In Conversation: Research highlights of 2022

2022 has been an eventful year when it comes to medical research, but what are some of the most intriguing findings and trends? Our editors, Maria Cohut, Yasemin Nicola Sakay, and James McIntosh reflect on this year’s highlights in our December “In Conversation” episode.

While 2020 and 2021 may have stuck in the collective memory as two intense pandemic years, 2022 has also been an eventful one.

Google’s Year in Search report pinpoints some of people’s most pressing concerns at a global scale throughout 2022. One of these is the monkeypox epidemic, which the World Health Organization (WHO) declared a “public health emergency of international concern” in August.

The death of Queen Elizabeth II of Great Britain in September, after a record 70-year reign, garnered global interest, as did the impact of the ongoing conflict in Ukraine.

And the overturning of Roe v. Wade in the United States sparked concern among medical communities worldwide.

But 2022 has also seen a wealth of advances in medical research, from a new way of assessing potential dementia symptoms that may help to diagnose it up to 9 years sooner than the current standard to the discovery of an insulin-mimicking molecule that may, in the future, help treat diabetes.

This December, three of our editors — myself, the Feature Editor, Yasemin Nicola Sakay, the Global News Editor, and Managing Editor James McIntosh — joined the “In Conversation” podcast to talk about some of 2022’s research highlights.

These include the twists and turns dementia research has taken this year, why scientists are increasingly interested in the potential of psychedelics in mental health treatments, and how stem cell research is advancing at a steady pace.

Listen to this month’s installment of our podcast below, or on your preferred streaming platform.

This year has been a very charged one for dementia research. As many as 55 million people around the world live with a form of dementia, the most common form of which is Alzheimer’s disease.

While there are some treatments that target symptoms of dementia, such as memory loss and anxiety, there is currently no cure for Alzheimer’s disease and related neurodegenerative conditions.

One thing that would help researchers find better treatments to prevent or slow down the progression of dementia symptoms would be finding out its true cause and the mechanisms that drive it.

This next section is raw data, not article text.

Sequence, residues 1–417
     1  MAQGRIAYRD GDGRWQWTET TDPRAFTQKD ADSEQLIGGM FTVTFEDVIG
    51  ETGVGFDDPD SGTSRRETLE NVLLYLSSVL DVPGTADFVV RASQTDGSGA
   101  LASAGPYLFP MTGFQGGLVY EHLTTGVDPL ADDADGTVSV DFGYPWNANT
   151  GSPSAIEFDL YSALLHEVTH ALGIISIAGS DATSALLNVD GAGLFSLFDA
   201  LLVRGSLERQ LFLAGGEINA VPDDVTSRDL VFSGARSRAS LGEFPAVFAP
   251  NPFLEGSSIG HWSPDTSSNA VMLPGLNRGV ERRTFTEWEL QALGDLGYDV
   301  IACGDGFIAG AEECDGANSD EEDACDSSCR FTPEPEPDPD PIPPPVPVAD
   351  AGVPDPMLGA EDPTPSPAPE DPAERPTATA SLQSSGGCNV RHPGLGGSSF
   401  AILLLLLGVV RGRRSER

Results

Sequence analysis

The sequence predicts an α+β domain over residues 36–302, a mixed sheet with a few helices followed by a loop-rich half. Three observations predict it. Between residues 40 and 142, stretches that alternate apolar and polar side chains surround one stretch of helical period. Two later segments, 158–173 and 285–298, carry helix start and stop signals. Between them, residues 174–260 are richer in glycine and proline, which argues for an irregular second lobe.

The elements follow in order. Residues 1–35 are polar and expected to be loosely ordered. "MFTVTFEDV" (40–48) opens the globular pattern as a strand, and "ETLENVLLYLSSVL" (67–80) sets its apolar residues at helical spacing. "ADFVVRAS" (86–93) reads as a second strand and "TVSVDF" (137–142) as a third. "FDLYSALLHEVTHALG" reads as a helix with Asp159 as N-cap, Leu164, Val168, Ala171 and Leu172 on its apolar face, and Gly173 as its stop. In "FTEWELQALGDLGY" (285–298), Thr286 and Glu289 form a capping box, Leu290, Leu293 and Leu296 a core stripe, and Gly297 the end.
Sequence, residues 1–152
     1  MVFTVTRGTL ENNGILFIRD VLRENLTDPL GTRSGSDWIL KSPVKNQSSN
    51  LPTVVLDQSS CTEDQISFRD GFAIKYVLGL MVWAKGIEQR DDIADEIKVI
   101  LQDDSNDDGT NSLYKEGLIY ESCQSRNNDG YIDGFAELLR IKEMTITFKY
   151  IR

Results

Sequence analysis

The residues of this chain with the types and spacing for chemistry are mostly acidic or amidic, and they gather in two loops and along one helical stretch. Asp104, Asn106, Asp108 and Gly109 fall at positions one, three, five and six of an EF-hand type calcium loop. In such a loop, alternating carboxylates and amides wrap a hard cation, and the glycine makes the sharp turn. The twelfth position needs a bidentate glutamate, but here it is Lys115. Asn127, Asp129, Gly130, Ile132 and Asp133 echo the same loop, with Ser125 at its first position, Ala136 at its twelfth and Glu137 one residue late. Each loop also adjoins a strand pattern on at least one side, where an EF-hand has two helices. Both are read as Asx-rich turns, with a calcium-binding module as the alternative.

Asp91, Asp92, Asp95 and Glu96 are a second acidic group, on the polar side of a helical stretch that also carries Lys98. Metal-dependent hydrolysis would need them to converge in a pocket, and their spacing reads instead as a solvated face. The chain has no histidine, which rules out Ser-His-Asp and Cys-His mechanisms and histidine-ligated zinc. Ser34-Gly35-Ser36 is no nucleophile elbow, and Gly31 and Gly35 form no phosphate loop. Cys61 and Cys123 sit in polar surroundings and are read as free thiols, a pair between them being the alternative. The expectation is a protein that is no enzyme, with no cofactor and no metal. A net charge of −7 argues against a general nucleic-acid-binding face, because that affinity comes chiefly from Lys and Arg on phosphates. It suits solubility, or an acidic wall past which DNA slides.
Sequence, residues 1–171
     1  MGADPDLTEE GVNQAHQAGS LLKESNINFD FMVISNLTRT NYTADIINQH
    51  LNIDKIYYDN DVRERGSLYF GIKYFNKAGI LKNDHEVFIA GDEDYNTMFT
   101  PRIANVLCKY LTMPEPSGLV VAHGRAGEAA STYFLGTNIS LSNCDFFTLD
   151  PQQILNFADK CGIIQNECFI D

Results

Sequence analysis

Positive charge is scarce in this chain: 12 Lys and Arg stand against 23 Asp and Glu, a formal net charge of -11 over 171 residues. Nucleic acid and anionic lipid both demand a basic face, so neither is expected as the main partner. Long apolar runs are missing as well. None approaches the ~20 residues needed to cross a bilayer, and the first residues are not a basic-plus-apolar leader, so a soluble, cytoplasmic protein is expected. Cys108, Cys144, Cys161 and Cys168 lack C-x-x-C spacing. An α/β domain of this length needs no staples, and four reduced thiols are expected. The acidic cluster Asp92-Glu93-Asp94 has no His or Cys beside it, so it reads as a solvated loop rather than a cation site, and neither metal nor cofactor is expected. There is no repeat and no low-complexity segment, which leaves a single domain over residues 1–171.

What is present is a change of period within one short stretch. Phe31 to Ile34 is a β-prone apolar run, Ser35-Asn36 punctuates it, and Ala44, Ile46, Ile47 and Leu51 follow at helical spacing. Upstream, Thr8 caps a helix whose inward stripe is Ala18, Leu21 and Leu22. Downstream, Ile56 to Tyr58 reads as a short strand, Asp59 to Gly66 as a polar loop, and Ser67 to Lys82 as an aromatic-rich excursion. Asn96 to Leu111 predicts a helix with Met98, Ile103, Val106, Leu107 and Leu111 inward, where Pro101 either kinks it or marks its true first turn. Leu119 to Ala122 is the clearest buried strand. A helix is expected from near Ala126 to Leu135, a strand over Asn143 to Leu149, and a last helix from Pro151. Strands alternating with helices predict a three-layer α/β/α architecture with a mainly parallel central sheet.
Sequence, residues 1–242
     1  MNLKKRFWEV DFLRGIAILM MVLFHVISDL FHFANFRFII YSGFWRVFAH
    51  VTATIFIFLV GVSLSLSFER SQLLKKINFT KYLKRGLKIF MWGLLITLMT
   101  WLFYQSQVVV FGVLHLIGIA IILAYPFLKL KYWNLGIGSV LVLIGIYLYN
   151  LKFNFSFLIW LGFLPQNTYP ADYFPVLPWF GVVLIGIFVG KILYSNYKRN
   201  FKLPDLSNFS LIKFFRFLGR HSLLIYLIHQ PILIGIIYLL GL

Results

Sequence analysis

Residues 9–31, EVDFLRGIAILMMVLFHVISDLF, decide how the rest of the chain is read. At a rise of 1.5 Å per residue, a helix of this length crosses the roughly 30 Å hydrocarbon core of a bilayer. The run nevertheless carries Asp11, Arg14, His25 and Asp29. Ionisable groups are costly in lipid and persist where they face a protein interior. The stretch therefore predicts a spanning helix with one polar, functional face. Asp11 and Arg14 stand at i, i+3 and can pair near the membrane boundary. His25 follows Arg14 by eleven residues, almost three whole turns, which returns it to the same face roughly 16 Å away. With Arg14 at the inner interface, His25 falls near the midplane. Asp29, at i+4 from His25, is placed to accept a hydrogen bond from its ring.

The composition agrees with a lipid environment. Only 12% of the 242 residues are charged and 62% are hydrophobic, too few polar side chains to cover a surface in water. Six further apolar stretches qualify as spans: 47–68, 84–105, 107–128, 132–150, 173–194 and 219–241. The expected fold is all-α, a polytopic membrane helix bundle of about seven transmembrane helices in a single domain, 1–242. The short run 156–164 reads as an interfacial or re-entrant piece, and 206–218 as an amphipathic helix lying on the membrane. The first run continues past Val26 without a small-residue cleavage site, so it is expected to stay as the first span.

The ‘amyloid hypothesis’ controversy

In 2006, a study that appeared in the journal Nature lent credibility to what is now known as the “amyloid hypothesis,” which holds that an overaccumulation of beta-amyloid protein in the brain — forming sticky amyloid plaques — disrupts the communication between neurons, thus being largely responsible for the main symptoms of dementia, such as memory and thinking problems.

Since its publication, the Nature paper has been cited in over 2,200 other studies, and the amyloid hypothesis has informed the vast majority of the dementia research conducted until now.

Yet in July 2022, an assistant professor of neurology at Vanderbilt University called into question claimed that some of the images in the seminal study had been manipulated, which may affect the credibility of the amyloid theory.

While the 2006 Nature paper has not, at the time of writing, been retracted, the recent claims of scientific misconduct have caused an uproar among dementia experts, and given rise to many questions.

One question is: If the paper truly does build on inaccuracies, will this invalidate some of the findings in dementia research reported until now? Not so, some experts say.

Speaking to Medical News Today, Dr. Sara Imarisio, head of research at Alzheimer’s Research UK, explained that “the findings from the [Nature] paper were very specific and, contrary to some reports, have not significantly affected the progress or direction of research into Alzheimer’s.”

“Even for research groups who work in this particular area, findings that can’t be reproduced will be identified as controversial and lose credibility, while genuine findings will come to predominate and guide the direction of future studies.”